NIH awards UGA researchers $2.6 million to fight African sleeping sickness
The National Institutes of Health has awarded $2.6 million to University of Georgia researchers to develop new drugs to treat human African Trypanosomiasis, also known as African sleeping sickness.
“There are immense challenges in understanding trypanosome biology because a significant number of their genes are not found in humans or yeasts, which are more intensely studied,” said Kojo Mensa-Wilmot, professor in the department of cellular biology in the Franklin College of Arts and Sciences whose team was awarded the NIH grant. “Using chemical biology tools to identify disease-relevant genes in the parasite, we discovered a small-molecule that prevents duplication of the nucleus in a trypanosome, and arrests proliferation of the parasite.”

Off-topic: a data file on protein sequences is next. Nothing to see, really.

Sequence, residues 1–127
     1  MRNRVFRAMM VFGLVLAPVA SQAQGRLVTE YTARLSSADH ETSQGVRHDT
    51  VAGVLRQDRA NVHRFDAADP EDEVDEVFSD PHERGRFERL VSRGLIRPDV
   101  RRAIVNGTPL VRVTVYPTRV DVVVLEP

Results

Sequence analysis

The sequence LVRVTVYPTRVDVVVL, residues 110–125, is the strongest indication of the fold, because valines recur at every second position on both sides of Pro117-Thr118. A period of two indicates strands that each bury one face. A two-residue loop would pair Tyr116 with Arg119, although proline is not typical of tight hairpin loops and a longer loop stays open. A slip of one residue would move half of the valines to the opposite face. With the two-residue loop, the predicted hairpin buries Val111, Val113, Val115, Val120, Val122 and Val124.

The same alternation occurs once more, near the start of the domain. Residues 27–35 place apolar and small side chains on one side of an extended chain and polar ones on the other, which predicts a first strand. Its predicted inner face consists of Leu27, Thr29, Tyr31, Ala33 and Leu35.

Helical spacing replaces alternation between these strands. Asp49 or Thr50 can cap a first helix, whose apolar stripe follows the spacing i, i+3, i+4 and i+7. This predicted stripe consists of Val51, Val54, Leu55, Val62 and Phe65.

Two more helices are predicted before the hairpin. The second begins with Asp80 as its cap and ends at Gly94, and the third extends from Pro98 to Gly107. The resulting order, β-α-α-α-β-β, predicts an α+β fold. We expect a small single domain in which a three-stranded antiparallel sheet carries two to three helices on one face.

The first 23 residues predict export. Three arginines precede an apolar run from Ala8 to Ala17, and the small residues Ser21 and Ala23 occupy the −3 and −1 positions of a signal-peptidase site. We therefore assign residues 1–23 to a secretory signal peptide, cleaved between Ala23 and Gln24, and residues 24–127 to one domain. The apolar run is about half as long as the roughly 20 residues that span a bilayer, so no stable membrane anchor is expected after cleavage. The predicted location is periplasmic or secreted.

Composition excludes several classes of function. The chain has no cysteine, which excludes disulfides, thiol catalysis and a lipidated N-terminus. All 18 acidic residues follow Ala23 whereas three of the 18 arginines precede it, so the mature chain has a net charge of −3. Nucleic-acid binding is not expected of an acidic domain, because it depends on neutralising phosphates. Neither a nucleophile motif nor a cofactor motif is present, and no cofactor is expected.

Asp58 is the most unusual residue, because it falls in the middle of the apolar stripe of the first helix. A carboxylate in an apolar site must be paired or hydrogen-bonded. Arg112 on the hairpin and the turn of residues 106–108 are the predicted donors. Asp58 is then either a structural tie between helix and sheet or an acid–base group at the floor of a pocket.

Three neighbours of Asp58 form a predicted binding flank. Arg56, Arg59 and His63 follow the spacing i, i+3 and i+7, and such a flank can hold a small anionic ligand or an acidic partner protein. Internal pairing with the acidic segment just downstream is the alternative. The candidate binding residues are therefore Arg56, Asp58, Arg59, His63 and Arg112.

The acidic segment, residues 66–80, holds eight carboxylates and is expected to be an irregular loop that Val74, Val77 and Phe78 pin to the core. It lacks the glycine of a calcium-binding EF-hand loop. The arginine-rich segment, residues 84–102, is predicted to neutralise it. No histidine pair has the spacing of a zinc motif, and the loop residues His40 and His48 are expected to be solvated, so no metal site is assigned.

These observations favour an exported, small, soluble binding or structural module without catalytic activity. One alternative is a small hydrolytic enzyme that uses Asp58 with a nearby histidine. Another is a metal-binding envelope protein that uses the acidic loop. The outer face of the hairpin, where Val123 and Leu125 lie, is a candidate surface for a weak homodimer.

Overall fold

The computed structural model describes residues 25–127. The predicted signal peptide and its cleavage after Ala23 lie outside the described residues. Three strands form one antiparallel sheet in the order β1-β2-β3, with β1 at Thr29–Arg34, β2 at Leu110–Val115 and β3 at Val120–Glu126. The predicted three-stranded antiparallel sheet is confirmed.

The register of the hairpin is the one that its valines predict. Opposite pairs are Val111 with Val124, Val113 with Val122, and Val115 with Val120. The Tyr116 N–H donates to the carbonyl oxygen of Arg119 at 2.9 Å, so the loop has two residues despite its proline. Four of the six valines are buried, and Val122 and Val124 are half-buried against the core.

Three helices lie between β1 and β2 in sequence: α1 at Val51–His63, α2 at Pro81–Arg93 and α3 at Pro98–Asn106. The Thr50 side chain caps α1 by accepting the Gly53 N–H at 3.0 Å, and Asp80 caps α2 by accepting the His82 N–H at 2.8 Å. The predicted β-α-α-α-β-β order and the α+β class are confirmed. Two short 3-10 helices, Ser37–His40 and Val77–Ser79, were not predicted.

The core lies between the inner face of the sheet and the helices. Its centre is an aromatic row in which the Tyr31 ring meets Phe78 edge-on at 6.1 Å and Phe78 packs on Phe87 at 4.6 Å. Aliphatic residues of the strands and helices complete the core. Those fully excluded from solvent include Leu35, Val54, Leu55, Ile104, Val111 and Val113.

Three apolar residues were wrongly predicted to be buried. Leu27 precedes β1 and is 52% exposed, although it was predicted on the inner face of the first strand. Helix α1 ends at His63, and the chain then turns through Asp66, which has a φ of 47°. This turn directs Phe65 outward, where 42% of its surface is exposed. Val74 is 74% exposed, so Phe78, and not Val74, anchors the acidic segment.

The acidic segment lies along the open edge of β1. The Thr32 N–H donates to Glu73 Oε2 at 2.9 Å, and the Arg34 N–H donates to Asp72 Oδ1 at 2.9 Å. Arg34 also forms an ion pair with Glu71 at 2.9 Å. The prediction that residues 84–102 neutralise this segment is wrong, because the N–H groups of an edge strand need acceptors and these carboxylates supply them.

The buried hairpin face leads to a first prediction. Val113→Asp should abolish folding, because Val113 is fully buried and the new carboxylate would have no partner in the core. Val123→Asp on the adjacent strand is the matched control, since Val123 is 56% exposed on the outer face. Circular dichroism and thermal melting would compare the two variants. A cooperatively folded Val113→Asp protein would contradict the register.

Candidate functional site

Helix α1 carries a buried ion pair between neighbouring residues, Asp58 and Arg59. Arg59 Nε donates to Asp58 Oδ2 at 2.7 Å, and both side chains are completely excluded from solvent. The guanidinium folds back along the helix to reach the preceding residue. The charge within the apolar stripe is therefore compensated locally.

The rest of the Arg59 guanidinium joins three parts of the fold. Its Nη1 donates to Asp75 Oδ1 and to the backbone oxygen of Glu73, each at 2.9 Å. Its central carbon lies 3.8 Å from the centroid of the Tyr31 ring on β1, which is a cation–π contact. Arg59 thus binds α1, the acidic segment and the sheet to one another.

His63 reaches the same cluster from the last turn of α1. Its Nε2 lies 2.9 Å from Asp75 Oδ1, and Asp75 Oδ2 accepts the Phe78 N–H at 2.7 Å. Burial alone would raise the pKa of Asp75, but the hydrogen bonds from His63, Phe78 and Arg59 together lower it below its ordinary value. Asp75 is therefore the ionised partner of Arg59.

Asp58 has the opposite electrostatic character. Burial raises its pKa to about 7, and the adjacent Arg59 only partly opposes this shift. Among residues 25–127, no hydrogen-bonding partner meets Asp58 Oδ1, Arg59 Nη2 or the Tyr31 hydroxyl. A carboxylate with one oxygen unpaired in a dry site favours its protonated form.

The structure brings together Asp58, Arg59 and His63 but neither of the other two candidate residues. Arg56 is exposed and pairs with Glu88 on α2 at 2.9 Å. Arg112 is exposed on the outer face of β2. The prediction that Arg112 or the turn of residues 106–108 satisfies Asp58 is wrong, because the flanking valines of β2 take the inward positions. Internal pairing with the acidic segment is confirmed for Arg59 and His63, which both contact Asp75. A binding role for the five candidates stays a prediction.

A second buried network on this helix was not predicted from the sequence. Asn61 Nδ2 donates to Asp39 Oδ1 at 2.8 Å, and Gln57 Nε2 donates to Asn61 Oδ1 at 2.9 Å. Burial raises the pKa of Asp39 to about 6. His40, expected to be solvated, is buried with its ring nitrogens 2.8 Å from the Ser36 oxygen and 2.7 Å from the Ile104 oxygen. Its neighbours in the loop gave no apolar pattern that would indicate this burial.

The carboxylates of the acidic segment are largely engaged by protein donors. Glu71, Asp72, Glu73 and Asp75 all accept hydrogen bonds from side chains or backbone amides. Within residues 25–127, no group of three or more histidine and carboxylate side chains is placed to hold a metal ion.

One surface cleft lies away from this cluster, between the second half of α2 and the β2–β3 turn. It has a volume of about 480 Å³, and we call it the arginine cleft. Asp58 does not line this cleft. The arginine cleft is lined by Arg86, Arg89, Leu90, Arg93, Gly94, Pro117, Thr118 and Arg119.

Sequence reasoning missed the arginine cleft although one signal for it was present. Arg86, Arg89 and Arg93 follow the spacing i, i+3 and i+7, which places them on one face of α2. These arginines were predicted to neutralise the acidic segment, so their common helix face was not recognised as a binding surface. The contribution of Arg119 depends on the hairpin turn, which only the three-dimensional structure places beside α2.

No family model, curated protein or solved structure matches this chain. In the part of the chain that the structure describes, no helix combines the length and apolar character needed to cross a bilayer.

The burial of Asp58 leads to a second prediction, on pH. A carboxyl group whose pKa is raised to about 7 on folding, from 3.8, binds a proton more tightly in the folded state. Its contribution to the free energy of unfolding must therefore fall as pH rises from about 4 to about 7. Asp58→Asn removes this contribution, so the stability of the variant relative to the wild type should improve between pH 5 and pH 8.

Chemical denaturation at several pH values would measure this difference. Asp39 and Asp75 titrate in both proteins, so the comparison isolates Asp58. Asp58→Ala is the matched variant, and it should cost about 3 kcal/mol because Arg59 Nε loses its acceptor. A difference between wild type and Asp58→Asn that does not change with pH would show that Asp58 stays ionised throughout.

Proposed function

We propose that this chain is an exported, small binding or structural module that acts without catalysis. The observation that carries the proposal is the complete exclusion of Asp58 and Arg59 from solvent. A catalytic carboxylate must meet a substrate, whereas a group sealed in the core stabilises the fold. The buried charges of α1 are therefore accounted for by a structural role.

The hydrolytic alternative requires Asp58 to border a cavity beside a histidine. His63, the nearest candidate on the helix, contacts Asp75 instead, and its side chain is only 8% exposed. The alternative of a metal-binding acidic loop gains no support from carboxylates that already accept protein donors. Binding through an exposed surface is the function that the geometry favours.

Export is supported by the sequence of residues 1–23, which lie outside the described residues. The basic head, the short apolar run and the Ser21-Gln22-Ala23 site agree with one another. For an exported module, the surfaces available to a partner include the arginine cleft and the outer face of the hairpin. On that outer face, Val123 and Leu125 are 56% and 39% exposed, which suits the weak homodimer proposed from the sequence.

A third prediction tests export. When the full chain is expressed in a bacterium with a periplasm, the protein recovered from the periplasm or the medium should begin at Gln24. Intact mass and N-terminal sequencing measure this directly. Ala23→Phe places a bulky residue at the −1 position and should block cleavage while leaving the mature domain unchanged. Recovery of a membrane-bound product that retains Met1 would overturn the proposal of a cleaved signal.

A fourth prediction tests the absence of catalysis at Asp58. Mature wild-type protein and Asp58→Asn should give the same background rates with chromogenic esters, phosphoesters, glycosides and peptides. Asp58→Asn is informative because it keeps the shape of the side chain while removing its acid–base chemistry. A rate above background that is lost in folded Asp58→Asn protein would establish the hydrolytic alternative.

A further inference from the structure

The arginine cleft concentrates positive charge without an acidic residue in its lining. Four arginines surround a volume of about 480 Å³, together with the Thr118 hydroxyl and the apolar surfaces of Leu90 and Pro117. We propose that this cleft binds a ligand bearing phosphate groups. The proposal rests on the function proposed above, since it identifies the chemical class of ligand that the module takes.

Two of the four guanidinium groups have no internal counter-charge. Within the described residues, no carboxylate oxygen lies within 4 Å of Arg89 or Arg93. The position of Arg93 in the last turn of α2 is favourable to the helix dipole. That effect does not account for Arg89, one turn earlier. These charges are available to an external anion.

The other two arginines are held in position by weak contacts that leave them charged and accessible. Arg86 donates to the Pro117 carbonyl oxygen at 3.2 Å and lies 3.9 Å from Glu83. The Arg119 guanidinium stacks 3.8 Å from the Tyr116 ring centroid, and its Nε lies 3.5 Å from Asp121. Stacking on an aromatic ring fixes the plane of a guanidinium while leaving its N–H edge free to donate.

Collaborators in the UGA-led consortium are Andrei Purmal of Cleveland BioLabs Inc. and Michael Pollastri, department of chemistry and chemical biology at Northeastern University.
Read the full article on UGA Today.